Arun attempts to resist the fate of his caste by attending a prestigious university, where he bonds with Aseem and Virendra, two other students from similar means. But while his friends launch themselves into lives of wealth and celebrity, Arun chooses a more modest path, translating literature and caring for his mother—until he meets a journalist named Alia, who forces him to reckon with his past. “A beautifully written novel that captures the complexities and challenges of growing up in India and the simultaneous struggle to find meaning and a way forward in life… In his search for a new kind of soulful enrichment, Arun risks everything, including his relationship with Alia, to do what many would consider to be unthinkable.” (Booklist) Pankaj’s award-winning works include the non-fiction book From the Ruins of Empire (2012) and the novel The Romantics (2000).

THE TOWN OF BABYLON by Alejandro Varela
During a visit to his suburban hometown to care for his ill father, Andres decides to go to a high school reunion, where he reconnects with his first love Jeremy and confronts memories and various local homophobes of his past. “A gay Latinx man reckons with his past when he returns home for his 20th high school class reunion in Varela’s dazzling debut… Throughout, he wrings a great deal of emotion from Andres’s return. It makes for an incandescent bildungsroman.” (Publishers Weekly)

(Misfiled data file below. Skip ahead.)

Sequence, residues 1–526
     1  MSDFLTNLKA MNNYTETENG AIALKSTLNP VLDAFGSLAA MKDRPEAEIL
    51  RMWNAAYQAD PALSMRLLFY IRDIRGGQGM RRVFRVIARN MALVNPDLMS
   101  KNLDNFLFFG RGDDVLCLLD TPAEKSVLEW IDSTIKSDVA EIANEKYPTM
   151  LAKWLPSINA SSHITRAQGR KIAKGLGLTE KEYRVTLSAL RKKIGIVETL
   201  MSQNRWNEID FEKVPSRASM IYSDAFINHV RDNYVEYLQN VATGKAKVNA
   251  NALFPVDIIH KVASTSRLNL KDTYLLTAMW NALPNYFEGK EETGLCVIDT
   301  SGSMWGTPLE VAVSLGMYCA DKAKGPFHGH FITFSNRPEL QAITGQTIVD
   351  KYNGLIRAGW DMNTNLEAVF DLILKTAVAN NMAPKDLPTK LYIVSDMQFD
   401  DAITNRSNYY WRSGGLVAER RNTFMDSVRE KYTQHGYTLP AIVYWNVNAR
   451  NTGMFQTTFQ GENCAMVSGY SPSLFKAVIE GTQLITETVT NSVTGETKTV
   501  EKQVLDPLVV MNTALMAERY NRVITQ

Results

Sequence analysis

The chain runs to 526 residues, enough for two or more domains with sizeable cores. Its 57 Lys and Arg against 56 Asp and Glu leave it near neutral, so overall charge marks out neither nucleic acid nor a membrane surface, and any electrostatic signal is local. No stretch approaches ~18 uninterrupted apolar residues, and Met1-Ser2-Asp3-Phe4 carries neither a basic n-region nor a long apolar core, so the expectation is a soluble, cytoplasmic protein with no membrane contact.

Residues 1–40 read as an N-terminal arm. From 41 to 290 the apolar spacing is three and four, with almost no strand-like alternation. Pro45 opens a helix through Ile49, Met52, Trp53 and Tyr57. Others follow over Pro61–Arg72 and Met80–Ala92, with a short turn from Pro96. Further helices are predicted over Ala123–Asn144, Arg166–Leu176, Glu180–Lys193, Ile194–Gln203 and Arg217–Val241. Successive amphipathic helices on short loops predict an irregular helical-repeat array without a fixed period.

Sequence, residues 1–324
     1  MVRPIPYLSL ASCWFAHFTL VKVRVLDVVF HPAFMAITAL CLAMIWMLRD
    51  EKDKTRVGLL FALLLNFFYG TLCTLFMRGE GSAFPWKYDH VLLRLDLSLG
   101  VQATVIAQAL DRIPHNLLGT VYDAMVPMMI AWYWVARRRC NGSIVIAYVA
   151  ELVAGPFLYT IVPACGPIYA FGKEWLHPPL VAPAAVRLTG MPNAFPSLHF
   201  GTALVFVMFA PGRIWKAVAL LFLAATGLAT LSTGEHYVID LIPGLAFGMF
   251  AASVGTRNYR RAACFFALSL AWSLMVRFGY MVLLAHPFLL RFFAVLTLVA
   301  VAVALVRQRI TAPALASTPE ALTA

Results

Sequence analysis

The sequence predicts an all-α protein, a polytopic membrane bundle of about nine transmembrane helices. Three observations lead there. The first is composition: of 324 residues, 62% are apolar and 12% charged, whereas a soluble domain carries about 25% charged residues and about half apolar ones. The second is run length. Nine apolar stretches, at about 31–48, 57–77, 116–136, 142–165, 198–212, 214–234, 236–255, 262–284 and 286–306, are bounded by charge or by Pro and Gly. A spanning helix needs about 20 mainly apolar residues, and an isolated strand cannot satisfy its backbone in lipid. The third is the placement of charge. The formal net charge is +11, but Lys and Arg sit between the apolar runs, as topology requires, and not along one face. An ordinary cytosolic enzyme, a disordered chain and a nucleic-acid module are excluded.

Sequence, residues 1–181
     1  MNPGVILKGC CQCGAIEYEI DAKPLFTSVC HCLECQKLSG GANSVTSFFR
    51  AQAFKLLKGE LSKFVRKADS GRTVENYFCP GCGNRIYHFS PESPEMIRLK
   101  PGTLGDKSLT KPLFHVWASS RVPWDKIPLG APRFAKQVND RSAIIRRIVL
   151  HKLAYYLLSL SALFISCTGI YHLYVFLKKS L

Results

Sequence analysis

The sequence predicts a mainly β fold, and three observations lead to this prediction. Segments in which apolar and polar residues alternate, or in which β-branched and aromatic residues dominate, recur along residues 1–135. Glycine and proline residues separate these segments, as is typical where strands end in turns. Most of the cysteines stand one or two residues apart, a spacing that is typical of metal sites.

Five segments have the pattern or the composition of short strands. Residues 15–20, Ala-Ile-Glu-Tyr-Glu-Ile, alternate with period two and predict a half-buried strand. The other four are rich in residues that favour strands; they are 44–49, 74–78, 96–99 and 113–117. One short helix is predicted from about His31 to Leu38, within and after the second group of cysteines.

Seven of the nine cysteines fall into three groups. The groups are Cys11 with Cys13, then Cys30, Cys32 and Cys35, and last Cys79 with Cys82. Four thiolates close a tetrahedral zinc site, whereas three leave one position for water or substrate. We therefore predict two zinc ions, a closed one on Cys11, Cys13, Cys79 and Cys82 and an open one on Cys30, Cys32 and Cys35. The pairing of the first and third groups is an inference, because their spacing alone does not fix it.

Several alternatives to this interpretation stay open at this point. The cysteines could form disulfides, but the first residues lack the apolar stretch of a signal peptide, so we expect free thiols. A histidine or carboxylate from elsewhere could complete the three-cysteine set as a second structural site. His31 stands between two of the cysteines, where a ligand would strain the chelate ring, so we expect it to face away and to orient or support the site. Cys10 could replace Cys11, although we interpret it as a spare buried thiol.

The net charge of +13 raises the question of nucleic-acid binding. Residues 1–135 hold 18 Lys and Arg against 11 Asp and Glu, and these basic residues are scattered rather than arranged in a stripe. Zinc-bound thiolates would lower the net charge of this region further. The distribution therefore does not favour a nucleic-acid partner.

THINGS PAST TELLING by Sheila Williams
Over a remarkable life lasting over 100 years, Maryam Prescilla Grace faced the cruelty of kidnapping, enslavement and the Atlantic Crossing, but she also thrived as a spy, translator, midwife and healer. Her triumphant and tenacious life is inspired by census records and stories of the author's own ancestors. "The resilience of family and the importance of memory loom large in this emotionally satisfying tale... Throughout, Williams offers vivid descriptions... a remarkable character portrait." (Publishers Weekly)

Cartography-obsessed Nell Young is working with her father in the Map Division of the New York Public Library—until the day they argue over a gas station highway map, causing a baffling seven-year falling-out. Then he dies at work, and when Nell finds the same map in his desk, she’s convinced that there’s a bigger story behind it. “Extraordinary… Possessed of a questing intellect and a determined stubbornness, Nell proves smart enough to solve the various riddles she faces. Shepherd’s convincing blend of magic from old maps with the modern online world both delights and thrills.” (Publishers Weekly) Shepherd’s first novel, The Book of M (2019), won the Neukom Institute for Literary Arts Award for Debut Speculative Fiction, and was selected for multiple best of the year lists.